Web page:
Sukha and my kitchen sink

Photo from real simple.com.  Click image to read about rustic home decor.
Photo from real simple.com. Click image to read about rustic home decor.

“Nowhere can man find a quieter or more untroubled retreat than in his own soul” – Marcus Aurelius.

Most of my life, I wouldn’t have agreed with Emperor Aurelius.  I would hardly call going inside a retreat. It was murky and uncomfortable.  There was confusion and there was suffering.  In yoga, we call this suffering, this “bad space,” duhkha. I had a lot of that going on.  In the time I’ve practiced yoga, this has changed.  It’s been gradual and honestly, a little unexpected.  As I reflect on how to do this soul-work, creating more sukha, or “good space” in there, it is a lot like the work we do to keep the dirty dishes from piling up the kitchen sink. Here me out…

If we haven’t done dishes in a while, it’s quite an undertaking.  We have to be prepared to stand at the sink scrape, scrub, and get our elbows into it and really work to clean the old dried semi-permanent, glued-on food away. It may not look like the gunk is going to come off, but it will.  It takes persistence and effort, confidence that you can do it, and a good attitude never hurts. It’s worth it.  The natural state of dishes is shiny and clean and an empty sink means there’s room for the next round of dishes.

Once all those dishes are done and we can see the bottom of the sink again, going forward we might choose to do the little bit of work throughout the day so those dishes don’t pile up again and cause trouble for our sink.  We commit to a practice of washing the dishes on a regular basis so that we remember that a sink can be quiet, clean and open.  The dirty dishes may come through, but they don’t have to stay long (and they are so much easier to wash as they come up).

Yoga practice is like this for the troubled soul. We look inside of ourselves and see the work that needs to be done.  We begin to tend to the old stuff that’s in there making noise, we ask what it needs or what it has to say and we can make peace… peace and quiet in that soul of ours.  We do the work and we continue to practice and in this, we cultivate good space, the sukha, that can be there inside.  It is gradual.  It takes time.  But having a quiet untroubled retreat in our own soul is something a wo/man truly can enjoy, kind of like having a clean kitchen sink.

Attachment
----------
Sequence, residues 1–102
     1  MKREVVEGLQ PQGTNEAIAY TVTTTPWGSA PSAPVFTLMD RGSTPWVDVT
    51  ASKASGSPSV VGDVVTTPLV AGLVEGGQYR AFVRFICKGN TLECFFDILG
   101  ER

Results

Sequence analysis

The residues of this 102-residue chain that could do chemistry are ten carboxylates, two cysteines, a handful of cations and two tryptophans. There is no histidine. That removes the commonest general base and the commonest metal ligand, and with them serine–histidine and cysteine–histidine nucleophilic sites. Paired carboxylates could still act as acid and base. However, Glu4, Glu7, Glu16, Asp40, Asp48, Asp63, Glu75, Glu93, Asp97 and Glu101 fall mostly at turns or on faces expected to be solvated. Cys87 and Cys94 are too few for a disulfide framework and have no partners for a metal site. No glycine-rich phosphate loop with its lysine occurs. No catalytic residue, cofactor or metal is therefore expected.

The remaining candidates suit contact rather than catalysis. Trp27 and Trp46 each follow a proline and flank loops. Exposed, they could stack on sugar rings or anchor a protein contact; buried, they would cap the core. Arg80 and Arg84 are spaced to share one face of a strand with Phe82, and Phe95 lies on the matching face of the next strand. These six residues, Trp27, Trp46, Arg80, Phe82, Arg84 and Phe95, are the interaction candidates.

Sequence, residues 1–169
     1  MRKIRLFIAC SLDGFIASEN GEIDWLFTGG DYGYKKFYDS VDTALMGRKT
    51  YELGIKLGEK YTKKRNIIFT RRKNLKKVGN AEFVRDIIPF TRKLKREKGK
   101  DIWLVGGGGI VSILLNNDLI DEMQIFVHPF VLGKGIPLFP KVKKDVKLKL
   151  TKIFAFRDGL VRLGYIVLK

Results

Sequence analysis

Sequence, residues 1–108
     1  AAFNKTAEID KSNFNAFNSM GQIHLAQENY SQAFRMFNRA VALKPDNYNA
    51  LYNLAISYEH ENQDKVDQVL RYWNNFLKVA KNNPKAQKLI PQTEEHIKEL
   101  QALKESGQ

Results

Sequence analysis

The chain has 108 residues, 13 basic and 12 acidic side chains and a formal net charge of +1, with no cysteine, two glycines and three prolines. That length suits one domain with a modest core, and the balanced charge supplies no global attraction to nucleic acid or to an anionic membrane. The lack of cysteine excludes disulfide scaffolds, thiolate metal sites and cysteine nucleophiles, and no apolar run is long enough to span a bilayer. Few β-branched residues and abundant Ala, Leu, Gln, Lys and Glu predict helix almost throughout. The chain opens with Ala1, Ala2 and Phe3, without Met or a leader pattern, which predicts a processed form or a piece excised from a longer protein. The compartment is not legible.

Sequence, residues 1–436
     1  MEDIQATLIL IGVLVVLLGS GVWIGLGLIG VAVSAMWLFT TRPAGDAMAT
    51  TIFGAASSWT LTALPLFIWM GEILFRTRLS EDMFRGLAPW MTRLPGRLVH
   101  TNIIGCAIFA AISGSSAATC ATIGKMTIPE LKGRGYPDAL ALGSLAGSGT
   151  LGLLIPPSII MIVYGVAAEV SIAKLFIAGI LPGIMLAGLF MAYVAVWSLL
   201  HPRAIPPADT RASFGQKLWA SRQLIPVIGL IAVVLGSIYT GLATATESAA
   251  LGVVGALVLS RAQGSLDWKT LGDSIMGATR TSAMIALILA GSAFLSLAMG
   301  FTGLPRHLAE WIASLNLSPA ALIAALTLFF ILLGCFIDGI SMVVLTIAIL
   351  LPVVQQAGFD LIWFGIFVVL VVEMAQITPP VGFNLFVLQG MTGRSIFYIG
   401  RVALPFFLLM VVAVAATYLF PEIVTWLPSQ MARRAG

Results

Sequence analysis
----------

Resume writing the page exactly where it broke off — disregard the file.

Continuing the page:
______________________________________

Amanda teaches yoga movement, breath and meditation in Austin, TX and online.  She offers individual sessions to those interested in developing a daily home practice.  More information is available under “classes” tab or contact her by clicking HERE.

 

Advertisements

12 thoughts on “Sukha and my kitchen sink

  1. Love your stories Amanda. I’ve so much clutter, dirty dishes, pots and pans in my spirit, I can’t even get in the kitchen door. Love the quote by Marcus Aurelius and what a fantastic allegory.

  2. Soo true! And I totally agree with you. My friend says that the mess we have on the outside – messy room, desk, house etc. is a reflection of our mind. And I do agree with her. For each time I have a big cleaning day- I mentally feel stronger, focused & content. A way of getting new recharged energy both outside & within. Love this post!

    1. I read this book once called, “clear your clutter with feng sui.” The author suggested that there can even be certain parts of your house that you may avoid cleaning and clearing out and those parts of your house represent aspects of your life. I think bedroom was personal emotional stuff. kitchen was family life. Sounded a little wacky at first, but now I find that to be a useful way of noticing how I’m doing in different areas of my life and self-care.

  3. Fantastic post. Love the way you bring practical examples to explain some concepts that might be difficult to grasp. I can not have my dishes pile up anymore after this post 😉 internal and actual!!!!!
    Love it.

  4. Amanda, another wonderful lesson. In the movie ‘The Razor’s Edge’ there is a scene where a wealthy Indian man is washing dishes and says, “For me this is a religious experience.” It is a wonderful scene in a decent movie about the meaning of self awareness and finding a path to peace. I think about that scene now and then…I shall think of it and this wonderful post more often as I continue to clean my “sink”.

    I hope you are collecting these posts into a How To Manual…your personal journey and the way you chronicle it with allegory and metaphor make for an interesting and insightful read.

    1. I haven’t seen the Razor’s Edge, but I am very interested in better understanding this way of experiencing the seemingly mundane as a religious experience. I think it has a lot to do with being ever more present with what happens in a given moment. Even one like washing the dishes. Thanks for your thoughtful comments, Ronald, and your poetry. The words that you write can do this thing of mundane–>spiritual, part of why I love reading your work.

Leave a Reply

Fill in your details below or click an icon to log in:

WordPress.com Logo

You are commenting using your WordPress.com account. Log Out / Change )

Twitter picture

You are commenting using your Twitter account. Log Out / Change )

Facebook photo

You are commenting using your Facebook account. Log Out / Change )

Google+ photo

You are commenting using your Google+ account. Log Out / Change )

Connecting to %s